“For once, we should be intolerant: intolerant of any attempt at corruption, intolerant of any form of wrongdoing and intolerant of the refusal to speak out, as that creates fertile conditions for this grave problem. We must not be silent witnesses. We must be beyond reproach” said Anne Brasseur, President of the PACE, at the launching of the new PACE anti-corruption platform’.
“We should not bury our heads in the sand: despite the efforts made by many parliaments to curb this problem, corruption still poses a real threat to democracy and the rule of law in Europe. As elected representatives we have greater responsibility than anyone else in this field and the fight against corruption must be one of the priorities of my presidency” she concluded.
The platform intends to establish a space for dialogue to make the fight against corruption more effective. It brings together the elected representatives of the parliaments of the Council of Europe’s 47 member states and of non-member states, as well as experts and other stakeholders, for the propose of sharing information, spreading good practice and discussing what can be done to tackle new forms of corruption.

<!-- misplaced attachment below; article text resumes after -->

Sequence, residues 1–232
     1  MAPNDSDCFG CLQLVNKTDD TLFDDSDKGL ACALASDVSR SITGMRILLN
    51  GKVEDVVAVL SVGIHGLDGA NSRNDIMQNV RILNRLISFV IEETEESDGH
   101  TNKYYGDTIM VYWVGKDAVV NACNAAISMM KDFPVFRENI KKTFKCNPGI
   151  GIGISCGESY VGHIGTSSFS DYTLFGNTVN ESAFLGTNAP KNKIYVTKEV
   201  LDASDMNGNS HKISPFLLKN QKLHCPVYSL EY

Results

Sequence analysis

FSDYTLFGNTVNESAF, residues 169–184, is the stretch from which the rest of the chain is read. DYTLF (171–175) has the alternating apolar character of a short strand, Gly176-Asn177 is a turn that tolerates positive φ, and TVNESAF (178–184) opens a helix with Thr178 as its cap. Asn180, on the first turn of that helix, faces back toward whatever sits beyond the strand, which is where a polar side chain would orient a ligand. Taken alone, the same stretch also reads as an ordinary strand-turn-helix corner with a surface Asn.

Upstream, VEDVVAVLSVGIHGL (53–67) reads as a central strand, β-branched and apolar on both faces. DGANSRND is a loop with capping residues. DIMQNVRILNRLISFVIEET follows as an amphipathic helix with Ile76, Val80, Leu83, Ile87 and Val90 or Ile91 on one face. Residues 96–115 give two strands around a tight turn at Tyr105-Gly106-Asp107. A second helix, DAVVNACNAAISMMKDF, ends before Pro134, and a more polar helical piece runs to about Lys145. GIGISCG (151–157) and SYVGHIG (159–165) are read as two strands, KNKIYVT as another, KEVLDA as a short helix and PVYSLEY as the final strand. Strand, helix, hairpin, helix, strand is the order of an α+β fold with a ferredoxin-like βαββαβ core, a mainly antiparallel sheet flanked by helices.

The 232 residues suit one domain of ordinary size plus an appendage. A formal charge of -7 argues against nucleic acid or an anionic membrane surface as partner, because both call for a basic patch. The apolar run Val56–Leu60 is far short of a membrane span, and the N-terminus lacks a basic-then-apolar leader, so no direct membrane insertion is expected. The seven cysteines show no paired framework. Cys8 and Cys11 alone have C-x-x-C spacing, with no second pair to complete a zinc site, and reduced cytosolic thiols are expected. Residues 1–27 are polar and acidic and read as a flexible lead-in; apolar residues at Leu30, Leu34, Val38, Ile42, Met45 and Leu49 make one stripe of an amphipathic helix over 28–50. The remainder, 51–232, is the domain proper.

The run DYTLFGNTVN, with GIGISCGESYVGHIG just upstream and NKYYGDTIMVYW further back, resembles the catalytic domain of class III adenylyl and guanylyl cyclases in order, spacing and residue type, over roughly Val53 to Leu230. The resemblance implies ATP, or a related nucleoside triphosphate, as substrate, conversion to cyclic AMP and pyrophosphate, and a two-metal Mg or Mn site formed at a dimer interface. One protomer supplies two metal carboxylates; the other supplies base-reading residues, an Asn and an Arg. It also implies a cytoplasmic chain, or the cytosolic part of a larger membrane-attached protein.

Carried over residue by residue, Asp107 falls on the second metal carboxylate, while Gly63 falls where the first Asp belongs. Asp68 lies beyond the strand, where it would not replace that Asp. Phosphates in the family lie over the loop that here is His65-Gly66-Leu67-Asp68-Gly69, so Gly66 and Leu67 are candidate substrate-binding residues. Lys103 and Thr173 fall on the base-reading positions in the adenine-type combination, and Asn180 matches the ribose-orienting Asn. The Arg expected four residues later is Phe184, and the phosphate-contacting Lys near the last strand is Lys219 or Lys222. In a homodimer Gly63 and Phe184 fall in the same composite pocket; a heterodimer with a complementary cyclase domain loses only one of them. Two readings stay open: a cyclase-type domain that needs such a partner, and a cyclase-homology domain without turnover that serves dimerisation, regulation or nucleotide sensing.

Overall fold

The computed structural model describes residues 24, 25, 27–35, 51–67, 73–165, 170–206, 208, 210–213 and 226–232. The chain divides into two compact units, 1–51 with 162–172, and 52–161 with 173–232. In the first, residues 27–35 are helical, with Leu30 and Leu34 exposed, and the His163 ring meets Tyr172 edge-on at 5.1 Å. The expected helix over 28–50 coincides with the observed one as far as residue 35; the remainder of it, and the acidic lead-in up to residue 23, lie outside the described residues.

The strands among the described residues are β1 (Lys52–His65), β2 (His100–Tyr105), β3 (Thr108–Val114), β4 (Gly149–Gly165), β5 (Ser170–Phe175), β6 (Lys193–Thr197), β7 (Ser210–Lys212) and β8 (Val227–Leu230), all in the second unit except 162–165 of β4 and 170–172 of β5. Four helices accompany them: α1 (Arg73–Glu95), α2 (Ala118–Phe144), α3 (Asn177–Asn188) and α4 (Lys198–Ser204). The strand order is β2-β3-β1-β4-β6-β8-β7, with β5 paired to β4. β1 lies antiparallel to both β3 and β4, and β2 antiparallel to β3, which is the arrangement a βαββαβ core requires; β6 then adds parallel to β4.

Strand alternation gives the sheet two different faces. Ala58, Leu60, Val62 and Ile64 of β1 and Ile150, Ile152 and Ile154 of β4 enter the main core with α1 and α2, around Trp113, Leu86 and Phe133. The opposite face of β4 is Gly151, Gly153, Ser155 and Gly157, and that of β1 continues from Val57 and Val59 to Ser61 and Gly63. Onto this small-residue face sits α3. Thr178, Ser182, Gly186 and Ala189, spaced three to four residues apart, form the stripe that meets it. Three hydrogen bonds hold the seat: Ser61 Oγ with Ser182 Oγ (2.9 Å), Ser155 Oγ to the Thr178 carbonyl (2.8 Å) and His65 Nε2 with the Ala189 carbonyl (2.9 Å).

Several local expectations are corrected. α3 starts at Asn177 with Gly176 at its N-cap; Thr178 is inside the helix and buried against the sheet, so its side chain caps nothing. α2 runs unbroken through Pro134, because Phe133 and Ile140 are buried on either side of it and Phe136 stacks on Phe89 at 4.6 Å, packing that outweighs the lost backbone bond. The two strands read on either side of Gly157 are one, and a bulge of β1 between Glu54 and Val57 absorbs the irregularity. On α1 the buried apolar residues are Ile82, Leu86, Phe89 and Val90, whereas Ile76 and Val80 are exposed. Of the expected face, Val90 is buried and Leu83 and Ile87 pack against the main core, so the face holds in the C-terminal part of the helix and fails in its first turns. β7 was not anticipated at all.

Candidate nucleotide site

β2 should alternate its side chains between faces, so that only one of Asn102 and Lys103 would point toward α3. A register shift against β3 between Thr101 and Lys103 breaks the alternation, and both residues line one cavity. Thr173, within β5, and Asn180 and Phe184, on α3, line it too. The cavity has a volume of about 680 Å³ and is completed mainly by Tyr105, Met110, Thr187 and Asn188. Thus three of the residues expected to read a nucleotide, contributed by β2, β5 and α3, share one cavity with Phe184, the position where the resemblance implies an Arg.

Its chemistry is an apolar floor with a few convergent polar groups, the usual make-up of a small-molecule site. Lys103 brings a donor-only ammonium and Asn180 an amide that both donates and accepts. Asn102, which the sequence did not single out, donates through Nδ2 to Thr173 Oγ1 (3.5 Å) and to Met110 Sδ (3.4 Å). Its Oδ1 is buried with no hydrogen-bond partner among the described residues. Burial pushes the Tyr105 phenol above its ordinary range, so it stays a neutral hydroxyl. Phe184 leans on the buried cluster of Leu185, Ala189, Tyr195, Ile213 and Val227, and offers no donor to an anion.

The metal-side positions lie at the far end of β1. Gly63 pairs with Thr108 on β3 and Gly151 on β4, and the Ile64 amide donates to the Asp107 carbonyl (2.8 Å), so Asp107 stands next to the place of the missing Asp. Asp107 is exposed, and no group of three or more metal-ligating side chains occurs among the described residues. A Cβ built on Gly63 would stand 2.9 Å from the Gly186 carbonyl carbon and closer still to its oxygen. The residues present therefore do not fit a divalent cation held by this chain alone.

Parliamentarians will be engaged in a twin-action process: on one hand, they will act as responsible guardians in their national parliament; on the other, they will be pressing for speedy action to promote Council of Europe instruments and standards, and to implement the recommendations of GRECO, the Council of Europe's anti-corruption body.
The Platform’s first meeting concerned investigative journalism and the role of national parliaments in combating corruption.